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Mayor Adams Announces Placement of two new Humanitarian Emergency Response and Relief Centers

March 13, 2023

Two New Humanitarian Relief Centers to Open as Brooklyn Cruise Terminal Closes as Scheduled

New York City Continues to Handle Unprecedented Crisis Almost Entirely on Its Own

NEW YORK – New York City Mayor Eric Adams today announced the city will soon open two additional Humanitarian Emergency Response and Relief Centers as the Brooklyn Cruise Terminal location transitions back to normal operations ahead of cruise season as always planned. The two new humanitarian relief centers — located at 220 West 42nd Street in Manhattan and 455 Jefferson Street in Brooklyn — will serve single adult men moving from the Brooklyn Cruise Terminal, in addition to other newly arriving adult men, as space permits. Asylum seekers at Brooklyn Cruise Terminal will be provided bus transportation to the new sites at the end of March. As the estimated number of asylum seekers who have arrived in the city since last spring surpasses 51,000, these sites together will serve up to approximately 1,200 asylum seekers in a congregate, fully indoor setting and will offer the same services adult men have been receiving at other humanitarian relief centers, including reconnections. As previously planned, the Brooklyn Cruise Terminal will close as a humanitarian relief center at the end of March 2023 and resume its normal operations ahead of cruise season this spring.

“With more than 51,000 asylum seekers arriving here since last spring and over 31,000 asylum seekers currently in our care, New York City continues to call for a national strategy to handle this humanitarian crisis,” said Mayor Adams. “We continue to do more than any other city in the nation, but as the number of asylum seekers continues to grow, we are in serious need of support from both our state and federal governments. The Brooklyn Cruise Terminal will resume its normal operations as always planned, so these two new Humanitarian Emergency Response and Relief Centers will provide up to approximately 1,200 single men seeking asylum with a place to stay, access support, and get to their final destinations.”

“These new sites will enable single men to seek services in a sustainable way, as the Brooklyn Cruise Terminal resumes regular operations,” said Deputy Mayor for Health and Human Services Anne Williams-Isom. “We will continue to serve each individual, family, and child seeking asylum with dignity, respect, and care. Thank you to our partners at the Brooklyn Cruise Terminal and to our partners at these new sites that will welcome our newest neighbors.” “We have responded to the changing needs of this crisis at every turn to make sure each asylum seeker is cared for,” said Deputy Mayor for Public Safety Philip Banks IlI. “New York City is doing its part in providing critical support at these centers.”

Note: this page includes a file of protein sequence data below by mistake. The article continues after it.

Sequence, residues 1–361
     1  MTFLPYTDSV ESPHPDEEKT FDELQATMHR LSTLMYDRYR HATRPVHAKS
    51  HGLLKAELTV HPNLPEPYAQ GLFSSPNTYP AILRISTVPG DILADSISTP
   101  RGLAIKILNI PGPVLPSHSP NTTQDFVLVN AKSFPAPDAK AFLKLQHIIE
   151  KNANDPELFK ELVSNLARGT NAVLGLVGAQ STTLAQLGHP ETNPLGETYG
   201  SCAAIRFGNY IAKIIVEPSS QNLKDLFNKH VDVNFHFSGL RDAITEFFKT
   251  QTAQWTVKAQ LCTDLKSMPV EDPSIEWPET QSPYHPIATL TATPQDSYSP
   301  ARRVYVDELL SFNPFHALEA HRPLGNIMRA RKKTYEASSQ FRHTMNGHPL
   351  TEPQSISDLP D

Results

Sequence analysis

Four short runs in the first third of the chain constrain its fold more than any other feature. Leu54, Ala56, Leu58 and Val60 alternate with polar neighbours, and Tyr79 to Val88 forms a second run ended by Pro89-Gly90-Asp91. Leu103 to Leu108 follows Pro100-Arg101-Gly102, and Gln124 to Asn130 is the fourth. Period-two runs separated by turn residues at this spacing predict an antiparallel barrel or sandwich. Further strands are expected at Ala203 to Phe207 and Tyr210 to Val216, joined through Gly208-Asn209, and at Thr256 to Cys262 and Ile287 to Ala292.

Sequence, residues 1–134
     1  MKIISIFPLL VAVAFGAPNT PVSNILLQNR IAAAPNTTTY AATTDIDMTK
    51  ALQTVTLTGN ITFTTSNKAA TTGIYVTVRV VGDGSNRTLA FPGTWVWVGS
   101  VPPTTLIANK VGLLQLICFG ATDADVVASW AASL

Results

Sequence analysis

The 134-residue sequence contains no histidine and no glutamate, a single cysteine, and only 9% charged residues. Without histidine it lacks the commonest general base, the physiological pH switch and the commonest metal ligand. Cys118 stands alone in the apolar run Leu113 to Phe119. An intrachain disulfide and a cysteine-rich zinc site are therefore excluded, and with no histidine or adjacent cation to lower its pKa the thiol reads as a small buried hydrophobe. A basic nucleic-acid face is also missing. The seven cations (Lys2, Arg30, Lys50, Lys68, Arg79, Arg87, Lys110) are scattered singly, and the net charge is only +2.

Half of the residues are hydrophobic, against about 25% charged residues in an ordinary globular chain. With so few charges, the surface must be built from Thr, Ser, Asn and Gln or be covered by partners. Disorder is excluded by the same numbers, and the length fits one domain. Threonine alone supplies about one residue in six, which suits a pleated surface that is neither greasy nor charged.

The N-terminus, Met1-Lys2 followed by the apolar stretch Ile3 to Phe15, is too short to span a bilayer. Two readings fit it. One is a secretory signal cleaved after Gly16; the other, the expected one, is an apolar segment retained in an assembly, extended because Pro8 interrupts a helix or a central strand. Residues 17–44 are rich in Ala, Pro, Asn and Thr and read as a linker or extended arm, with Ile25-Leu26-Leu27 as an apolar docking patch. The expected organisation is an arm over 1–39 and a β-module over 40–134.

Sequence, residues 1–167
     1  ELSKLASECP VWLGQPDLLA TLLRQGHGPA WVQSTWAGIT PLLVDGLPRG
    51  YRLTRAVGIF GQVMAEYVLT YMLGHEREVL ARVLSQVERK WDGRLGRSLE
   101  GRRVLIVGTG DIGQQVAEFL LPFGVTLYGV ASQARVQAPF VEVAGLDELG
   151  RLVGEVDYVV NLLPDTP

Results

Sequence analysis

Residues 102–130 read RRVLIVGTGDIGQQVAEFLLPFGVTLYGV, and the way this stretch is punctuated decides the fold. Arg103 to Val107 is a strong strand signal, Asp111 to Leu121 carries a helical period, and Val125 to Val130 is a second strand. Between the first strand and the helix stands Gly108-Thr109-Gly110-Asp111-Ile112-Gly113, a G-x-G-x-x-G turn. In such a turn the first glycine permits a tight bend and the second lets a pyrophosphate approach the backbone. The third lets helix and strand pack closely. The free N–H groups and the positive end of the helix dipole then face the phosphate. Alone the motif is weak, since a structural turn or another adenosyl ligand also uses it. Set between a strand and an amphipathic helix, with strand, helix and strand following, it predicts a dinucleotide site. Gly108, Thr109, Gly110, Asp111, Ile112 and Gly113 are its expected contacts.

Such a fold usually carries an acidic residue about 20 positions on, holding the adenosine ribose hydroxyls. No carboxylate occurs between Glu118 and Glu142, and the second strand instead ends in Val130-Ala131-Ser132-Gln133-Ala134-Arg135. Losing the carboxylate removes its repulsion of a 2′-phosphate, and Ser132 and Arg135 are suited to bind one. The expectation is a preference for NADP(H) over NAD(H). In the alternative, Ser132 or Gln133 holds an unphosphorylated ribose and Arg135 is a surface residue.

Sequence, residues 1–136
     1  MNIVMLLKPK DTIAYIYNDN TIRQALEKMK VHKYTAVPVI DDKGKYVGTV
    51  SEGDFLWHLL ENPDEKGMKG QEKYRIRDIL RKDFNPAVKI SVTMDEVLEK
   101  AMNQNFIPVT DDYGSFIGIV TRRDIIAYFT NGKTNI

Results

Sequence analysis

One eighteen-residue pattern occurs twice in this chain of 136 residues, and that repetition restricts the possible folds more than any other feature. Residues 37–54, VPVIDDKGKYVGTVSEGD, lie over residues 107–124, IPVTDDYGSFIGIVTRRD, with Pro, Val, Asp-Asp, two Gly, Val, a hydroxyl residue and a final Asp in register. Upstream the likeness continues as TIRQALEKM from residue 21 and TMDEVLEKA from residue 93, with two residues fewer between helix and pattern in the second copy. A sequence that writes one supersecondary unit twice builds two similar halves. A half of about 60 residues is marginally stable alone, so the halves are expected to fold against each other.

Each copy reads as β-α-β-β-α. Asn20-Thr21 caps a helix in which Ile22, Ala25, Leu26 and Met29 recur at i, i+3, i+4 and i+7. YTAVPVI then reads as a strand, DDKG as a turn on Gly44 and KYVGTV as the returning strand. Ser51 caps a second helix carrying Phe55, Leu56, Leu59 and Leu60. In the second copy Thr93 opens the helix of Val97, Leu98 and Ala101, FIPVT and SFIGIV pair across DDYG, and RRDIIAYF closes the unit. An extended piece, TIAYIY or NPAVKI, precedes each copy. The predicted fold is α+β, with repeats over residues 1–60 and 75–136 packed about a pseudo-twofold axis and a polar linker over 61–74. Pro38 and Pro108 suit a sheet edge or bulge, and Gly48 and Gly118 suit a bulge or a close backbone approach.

“These new sites continue our mission of helping asylum seekers feel welcome, get back on their feet, and complete their journeys,” said Ted Long, MD, MHS, senior vice president, Ambulatory Care and Population Health, NYC Health + Hospitals.

“We know the arduous journey asylum seekers have experienced getting here, and we know that in New York City, our humanitarian centers offer the services and connections to help them take their next step forward. I am proud be a part of the Adams administration’s efforts to help asylum seekers find a better life.” “New York City continues to receive and welcome an unprecedented number of asylum seekers. Our interagency team continues to demonstrate the flexibility, forward-thinking, and innovation needed to meet this challenge and help people arriving in New York City seeking asylum and a better life,” said New York City Emergency Management Commissioner Zach Iscol. “These two new Humanitarian Emergency Response and Relief Centers will provide single men the services needed to navigate the challenges of rebuilding their lives.”

Since this humanitarian crisis began, the city has taken fast and urgent action, managing the arrival of a rapidly increasing number of buses across New York City with virtually no coordination from states sending them — already opening 96 emergency shelters and several other large-scale humanitarian relief centers, standing up navigation centers to connect asylum seekers with critical resources, enrolling children in public schools through Project Open Arms, and more. The city also recently released “The Road Forward: A Blueprint to Address New York City’s Response to the Asylum Seeker Crisis,” detailing how the city will continue to manage the influx of asylum seekers and advocate for support from federal and state partners.


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